Welcome to a page where you can pick up data and some illustrations to go with the story we sent showing the change in education levels in your county between 1970 and 2010.

First, if you have any questions or want more information, call or write. You can get Tim Marema at tim@ruralstrategies.org or 865-688-9546; or Bill Bishop at the Daily Yonder, bill.bishop@dailyyonder.com, 512-428-9067.

Now, here is the raw data. Click here and you will download an Excel file that will have all the counties in the U.S. and education levels of the adult population (those over 25 years of age) in 1970, 1980, 1990, 2000 and 2010. This is more data than we used in the story.

If the file doesn’t make sense or you have questions, give us a call or email. Ditto if you have questions about the story.

We have two economists who are familiar with this data and would be willing to talk with you about what it might mean for your community. They are:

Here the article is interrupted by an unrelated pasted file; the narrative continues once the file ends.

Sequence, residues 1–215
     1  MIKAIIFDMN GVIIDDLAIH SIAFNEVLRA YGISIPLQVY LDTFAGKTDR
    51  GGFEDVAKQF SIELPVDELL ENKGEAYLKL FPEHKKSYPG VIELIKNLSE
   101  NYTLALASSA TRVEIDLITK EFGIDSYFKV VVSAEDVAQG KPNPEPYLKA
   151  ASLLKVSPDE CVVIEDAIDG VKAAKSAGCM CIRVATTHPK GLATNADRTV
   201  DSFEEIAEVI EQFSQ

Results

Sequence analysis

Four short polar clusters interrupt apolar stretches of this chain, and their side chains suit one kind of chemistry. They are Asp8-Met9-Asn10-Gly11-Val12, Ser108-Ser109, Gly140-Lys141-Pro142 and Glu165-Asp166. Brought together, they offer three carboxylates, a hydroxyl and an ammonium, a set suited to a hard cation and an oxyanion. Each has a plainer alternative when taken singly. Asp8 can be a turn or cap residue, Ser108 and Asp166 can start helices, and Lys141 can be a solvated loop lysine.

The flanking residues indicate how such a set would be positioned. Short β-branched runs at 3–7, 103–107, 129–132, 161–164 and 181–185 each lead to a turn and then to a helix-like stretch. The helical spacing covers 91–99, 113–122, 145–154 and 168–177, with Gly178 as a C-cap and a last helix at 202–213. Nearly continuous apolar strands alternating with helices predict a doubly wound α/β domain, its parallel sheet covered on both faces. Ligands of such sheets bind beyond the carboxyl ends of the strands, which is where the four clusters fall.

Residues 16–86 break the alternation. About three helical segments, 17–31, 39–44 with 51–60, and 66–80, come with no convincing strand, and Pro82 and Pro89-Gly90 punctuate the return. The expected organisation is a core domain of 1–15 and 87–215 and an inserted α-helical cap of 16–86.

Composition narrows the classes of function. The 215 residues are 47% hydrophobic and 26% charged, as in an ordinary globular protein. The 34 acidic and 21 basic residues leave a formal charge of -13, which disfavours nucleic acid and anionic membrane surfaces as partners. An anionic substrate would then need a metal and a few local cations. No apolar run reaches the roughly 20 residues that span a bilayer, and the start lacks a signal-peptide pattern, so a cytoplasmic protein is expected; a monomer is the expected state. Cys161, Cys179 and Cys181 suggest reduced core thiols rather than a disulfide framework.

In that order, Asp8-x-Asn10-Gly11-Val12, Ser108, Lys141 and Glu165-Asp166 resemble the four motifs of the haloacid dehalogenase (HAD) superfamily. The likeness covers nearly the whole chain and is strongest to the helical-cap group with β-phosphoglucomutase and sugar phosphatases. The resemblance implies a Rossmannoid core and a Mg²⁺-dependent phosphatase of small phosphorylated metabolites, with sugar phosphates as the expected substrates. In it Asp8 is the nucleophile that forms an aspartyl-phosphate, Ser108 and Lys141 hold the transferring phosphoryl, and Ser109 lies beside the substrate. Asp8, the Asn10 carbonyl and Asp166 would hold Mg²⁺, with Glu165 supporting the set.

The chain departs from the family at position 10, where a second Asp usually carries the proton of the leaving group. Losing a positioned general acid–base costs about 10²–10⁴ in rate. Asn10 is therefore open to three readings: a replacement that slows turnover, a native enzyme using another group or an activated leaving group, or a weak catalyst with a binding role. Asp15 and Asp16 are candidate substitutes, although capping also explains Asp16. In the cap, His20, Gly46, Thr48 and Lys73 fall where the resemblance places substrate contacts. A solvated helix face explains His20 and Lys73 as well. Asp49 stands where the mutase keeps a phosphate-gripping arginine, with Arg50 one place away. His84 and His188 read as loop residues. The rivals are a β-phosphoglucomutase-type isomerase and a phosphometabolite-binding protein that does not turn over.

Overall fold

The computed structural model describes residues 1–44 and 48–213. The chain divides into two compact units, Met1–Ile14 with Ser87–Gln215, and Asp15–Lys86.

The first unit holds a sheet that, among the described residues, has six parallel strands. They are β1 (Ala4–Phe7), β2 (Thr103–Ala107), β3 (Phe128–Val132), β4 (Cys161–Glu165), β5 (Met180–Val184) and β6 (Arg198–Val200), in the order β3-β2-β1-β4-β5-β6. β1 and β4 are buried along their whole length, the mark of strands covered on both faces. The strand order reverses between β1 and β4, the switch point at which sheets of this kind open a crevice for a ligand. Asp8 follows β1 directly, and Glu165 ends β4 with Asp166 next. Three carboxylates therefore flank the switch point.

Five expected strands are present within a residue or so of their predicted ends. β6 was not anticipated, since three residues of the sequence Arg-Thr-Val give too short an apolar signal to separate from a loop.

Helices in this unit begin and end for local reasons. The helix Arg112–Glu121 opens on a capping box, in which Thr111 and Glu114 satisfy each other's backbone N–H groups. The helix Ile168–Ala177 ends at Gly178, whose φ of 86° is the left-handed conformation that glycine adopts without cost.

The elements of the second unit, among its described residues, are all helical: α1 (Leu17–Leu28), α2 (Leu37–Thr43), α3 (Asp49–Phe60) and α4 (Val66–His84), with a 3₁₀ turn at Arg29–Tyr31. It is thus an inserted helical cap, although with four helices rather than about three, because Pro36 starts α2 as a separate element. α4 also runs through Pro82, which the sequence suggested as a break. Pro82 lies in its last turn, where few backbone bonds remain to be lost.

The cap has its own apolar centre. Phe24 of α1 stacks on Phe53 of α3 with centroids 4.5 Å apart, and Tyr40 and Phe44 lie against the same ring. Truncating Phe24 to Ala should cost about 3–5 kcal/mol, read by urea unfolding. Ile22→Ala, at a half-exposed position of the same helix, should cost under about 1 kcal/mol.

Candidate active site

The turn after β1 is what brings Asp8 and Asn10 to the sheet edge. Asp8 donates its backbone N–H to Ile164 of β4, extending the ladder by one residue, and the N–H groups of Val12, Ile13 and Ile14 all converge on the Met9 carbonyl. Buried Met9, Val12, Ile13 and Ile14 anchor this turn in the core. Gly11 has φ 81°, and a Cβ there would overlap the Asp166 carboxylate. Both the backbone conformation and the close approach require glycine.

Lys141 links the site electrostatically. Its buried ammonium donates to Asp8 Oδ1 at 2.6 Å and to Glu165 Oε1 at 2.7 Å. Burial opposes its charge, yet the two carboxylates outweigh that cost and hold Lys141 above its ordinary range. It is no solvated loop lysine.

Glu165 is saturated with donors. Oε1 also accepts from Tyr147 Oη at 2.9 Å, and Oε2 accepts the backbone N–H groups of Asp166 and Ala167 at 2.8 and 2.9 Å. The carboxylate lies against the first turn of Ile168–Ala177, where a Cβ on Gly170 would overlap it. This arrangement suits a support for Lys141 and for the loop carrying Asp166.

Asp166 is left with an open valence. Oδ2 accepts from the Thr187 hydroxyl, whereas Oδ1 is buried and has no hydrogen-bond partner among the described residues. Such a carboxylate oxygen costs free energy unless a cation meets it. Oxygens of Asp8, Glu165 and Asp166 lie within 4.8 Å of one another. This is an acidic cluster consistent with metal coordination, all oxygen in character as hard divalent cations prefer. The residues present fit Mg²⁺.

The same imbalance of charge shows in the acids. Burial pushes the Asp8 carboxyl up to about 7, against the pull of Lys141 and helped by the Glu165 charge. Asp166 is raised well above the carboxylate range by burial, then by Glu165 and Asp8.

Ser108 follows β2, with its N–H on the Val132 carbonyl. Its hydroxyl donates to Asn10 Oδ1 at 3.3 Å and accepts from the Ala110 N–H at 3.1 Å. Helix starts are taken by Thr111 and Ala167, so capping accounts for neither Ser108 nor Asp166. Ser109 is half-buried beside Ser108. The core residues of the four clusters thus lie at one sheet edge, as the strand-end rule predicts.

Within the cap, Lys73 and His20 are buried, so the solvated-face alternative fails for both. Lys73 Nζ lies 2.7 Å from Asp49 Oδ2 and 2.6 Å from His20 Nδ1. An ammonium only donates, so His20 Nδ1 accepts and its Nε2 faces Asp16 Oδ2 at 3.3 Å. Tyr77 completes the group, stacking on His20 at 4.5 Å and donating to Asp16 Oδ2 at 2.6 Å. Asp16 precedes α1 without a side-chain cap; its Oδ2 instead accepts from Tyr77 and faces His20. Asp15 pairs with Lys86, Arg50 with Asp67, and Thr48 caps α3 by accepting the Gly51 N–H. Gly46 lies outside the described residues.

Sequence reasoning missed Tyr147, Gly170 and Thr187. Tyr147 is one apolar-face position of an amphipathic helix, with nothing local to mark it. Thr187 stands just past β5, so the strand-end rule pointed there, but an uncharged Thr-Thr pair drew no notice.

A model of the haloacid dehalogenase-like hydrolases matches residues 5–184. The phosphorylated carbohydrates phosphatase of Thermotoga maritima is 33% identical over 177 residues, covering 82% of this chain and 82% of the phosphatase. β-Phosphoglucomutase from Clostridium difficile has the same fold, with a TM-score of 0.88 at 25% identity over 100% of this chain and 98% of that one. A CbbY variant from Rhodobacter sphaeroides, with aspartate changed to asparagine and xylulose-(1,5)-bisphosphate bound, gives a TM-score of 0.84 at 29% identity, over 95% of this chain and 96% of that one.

1. Judith Stallmann, PHD in Ag Economics. At Truman School of Public Affairs, U. of Missouri. http://truman.missouri.edu/People/JudithStallmann; (573) 882-6455; Email: StallmannJ@missouri.edu

2. Mark Partridge, Ohio State. Economist, Swank Chair in Rural-Urban Policy. Specialist in community and regional economics and regional development. http://aede.osu.edu/people/partridge.27 Email: partridge.27@osu.edu; Phone: 614-688-4907

Next, we have some charts and a map you may find helpful. If you want to use them, just grab and use. Credit The Daily Yonder.

The first chart shows the percentage of adults in rural, urban and micropolitan counties nationally who have received a college degree from 1970 through 2010. In this chart, you can see that every group of counties has gained in the last 40 years — but the gap between rural and urban counties has widened.


The next chart shows the percentage of adults in rural, urban and micropolitan counties who have taken some classwork after high school. Here, you can see that the gap between the counties has closed almost entirely.


Finally, this is the same chart, only we show the percentage of adults who have not graduated from high school.


Finally, here is a map showing the percentage of adults with college degrees in all rural and micropolitan counties. If you click on the map, you’ll get a much larger version.


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